HERE & AFTER, A MEDITATION INSPIRED BY THE LIVES AND POSSIBLE AFTERLIVES of four pioneering women of the past century (Gertrude Stein, Mary Church Terrell, Djuna Barnes, and Lucy Farrow), finds Time Track Productions (Paula Mann and Steve Paul) in a quiet mood.
Steve Paul’s projections flicker across the walls and floor of the Tek Box Theater (instead of sitting on a front scrim, as they sometimes have in the past), backing the dance with their subtler motion. A field of hay, or needles, trickles as the dancers’ shadows cross it and Stein’s words and letters drop down (“Can you find me in a home?”). Paul aims for just-there effects: You gradually realize that one shadow on the floor is out of sync from the one moving dancer—a ghost dancer. And Paul’s light-world blends with Michelle Kinney’s atmospheric music, as when a roil of flame and smoke on the floor matches the smudge, smolder, and burn of Kinney’s cello.
Paula Mann, too, clears out space in her choreography, working with a vocabulary that seems, after the hour of the performance, entirely comprehensible. Gestures from women’s lives—washing, crying, clothing, unclothing, particularly a wrenching down-the-leg jag that might be zipping, unzipping, or tearing a run in one’s stocking—abstracted and exaggerated, carry expressive weight. This is unapologetically modern dance: a back arch is a moment of escape, a hurling arm a bid for release; and these gestures show up over and over, as Mann rings the changes on them. A sequence in which one dancer does everything she can with her hands grasping each other is typical: in keeping with her material, with the challenging lives of her inspirations, Mann’s anything but prodigal.
In this pared-down world, even small changes are visible. In what I read as the afterlife, four women stand by the sides of two fields of fabric, a shimmering veil overlaying a drop cloth. They fall to their knees and stretch under the veil, rolling in it; then, they repeat the same motion, but on top of the veil. The first looks transformative, the veil a chrysalis; in the second, they fail to transcend, and their writhing becomes the agony of frustration. Here & After, despite its title, is not ecstatic: Vision and release remain grounded in solid work. Even in the afterlife, these women are still moving towards change.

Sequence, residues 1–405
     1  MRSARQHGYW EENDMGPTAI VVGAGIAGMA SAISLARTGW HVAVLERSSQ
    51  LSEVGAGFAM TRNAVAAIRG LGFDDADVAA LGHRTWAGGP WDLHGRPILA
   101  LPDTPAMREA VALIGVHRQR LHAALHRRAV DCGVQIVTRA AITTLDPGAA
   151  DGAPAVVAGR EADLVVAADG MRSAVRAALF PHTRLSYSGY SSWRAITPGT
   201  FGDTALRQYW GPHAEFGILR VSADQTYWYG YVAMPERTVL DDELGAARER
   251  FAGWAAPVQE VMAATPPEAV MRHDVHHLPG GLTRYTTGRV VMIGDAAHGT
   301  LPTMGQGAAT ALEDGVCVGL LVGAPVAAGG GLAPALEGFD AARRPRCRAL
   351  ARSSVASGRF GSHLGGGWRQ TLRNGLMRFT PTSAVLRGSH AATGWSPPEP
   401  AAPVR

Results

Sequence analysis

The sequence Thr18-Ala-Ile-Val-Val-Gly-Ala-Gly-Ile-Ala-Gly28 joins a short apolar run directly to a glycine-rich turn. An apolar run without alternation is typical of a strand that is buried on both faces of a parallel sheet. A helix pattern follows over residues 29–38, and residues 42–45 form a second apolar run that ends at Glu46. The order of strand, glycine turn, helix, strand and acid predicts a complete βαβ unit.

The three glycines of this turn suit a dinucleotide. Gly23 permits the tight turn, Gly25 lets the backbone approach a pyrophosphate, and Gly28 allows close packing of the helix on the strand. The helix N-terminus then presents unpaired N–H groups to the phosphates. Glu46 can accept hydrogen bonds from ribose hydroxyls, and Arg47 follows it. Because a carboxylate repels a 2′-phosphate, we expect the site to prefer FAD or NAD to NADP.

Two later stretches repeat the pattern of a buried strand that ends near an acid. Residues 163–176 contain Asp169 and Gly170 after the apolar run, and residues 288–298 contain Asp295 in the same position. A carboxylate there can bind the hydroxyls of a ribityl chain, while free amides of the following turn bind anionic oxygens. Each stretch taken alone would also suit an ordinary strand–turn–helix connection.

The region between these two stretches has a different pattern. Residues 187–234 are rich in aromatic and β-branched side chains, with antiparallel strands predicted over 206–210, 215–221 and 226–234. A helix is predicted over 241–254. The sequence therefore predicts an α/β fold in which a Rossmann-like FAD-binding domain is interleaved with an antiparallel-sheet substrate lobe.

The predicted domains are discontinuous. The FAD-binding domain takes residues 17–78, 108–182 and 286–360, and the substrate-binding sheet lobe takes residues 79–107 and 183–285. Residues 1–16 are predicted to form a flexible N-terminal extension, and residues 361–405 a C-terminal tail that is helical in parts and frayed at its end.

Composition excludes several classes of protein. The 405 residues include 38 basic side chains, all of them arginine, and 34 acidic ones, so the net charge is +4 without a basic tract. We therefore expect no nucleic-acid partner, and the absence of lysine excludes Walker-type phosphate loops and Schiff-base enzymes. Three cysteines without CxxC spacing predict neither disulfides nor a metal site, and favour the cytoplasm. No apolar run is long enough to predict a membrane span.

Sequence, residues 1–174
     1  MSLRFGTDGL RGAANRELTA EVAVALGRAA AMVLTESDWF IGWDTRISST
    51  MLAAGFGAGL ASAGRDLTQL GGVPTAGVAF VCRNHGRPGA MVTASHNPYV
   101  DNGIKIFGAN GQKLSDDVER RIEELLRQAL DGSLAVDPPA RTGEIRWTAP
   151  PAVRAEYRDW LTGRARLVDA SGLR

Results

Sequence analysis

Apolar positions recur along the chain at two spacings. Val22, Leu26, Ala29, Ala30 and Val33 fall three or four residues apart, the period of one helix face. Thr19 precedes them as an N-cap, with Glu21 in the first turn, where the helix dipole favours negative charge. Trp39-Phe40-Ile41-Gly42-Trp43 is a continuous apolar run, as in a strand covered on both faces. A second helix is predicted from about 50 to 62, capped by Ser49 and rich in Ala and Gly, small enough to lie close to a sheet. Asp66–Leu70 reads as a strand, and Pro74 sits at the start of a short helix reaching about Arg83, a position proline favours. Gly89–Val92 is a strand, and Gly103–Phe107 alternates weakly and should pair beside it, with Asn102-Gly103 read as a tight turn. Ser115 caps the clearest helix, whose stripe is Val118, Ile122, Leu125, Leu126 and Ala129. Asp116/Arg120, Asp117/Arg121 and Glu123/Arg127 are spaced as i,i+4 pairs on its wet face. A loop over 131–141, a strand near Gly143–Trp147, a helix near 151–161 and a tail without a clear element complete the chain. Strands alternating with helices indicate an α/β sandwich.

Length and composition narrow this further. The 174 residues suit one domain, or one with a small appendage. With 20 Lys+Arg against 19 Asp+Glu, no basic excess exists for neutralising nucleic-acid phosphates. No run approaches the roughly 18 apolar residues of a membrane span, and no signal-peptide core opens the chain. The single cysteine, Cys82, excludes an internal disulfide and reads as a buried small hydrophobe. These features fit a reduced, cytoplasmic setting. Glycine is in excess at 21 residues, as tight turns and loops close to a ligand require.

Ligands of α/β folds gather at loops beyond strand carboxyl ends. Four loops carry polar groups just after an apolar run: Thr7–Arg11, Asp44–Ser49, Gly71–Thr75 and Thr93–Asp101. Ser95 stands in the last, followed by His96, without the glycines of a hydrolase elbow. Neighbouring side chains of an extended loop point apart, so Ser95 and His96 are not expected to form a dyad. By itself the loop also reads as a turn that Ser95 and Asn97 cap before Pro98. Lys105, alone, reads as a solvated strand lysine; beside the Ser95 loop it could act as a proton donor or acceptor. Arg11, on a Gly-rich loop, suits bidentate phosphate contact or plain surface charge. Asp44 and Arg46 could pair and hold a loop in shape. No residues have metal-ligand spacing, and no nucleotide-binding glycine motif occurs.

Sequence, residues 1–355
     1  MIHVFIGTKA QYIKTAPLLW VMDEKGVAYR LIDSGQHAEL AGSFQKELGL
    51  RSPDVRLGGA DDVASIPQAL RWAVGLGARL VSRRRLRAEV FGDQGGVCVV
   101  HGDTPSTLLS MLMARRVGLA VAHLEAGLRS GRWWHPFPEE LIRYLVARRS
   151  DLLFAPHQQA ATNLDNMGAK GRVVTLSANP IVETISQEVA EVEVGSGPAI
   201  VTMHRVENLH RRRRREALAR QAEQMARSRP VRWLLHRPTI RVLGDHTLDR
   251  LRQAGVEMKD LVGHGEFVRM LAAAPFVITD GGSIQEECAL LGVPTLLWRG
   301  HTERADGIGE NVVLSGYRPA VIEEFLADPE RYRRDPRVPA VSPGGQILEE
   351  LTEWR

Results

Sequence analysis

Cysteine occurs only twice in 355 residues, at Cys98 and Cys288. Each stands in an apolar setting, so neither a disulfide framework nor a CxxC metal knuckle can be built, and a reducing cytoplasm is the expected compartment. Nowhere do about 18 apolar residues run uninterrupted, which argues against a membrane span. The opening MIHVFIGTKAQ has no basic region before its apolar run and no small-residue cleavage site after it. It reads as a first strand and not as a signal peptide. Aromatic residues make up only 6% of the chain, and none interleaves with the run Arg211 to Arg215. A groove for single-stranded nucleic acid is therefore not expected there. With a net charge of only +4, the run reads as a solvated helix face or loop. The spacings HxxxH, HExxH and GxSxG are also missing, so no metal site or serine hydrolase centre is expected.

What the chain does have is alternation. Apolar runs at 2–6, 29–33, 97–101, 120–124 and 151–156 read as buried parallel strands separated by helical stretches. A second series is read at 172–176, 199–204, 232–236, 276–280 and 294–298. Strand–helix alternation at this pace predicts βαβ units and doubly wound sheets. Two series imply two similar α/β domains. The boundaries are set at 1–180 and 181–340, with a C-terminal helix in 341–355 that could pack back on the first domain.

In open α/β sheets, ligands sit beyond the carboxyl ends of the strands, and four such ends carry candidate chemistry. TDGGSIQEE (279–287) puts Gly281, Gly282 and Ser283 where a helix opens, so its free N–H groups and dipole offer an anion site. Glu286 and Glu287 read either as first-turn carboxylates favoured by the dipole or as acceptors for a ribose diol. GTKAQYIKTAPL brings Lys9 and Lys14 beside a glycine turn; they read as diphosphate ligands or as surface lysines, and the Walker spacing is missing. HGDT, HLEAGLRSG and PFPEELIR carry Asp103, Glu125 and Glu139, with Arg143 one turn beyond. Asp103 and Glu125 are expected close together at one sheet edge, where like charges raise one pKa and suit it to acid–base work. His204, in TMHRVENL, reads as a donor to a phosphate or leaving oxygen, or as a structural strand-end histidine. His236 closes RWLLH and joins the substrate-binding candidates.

This spring, I saw Time Track’s O the Humanity and wrote a paragraph on it in a longer review. Paula Mann wrote back, which hardly anyone does, and then she and I carried on a conversation, which you can read in two installments, posted this week and next, on the mnartists.org blog; the first part of our exchange is here. In that conversation, we discussed, among other things, the lack of outlets for creators to think and talk about what they’ve done. So, with that in mind, I called Mann to ask her what she did in Here & After and what she thought of it.
“I feel really happy,” she said. “I never tried anything quite like this”—a work based in research but not literally representing anything on stage (with five performers, not four, the dancers are mostly not separate individuals). She made the work quickly (under the pressure of a grant deadline), which she says she found “freeing—to just get that out and stop thinking about it.”
The pared-down feel was deliberate—Mann uses the word “stripped”—and she and Paul took advantage of the Tek Box’s lighting capacity to create an environment that was “immersive without being too insane”. The movement, “based on emotional responses” and on the kinds of work women did in the period of her research, invests a lot in a little; describing the zippering motion, Mann said, “You could put so much energy into that really tiny point.”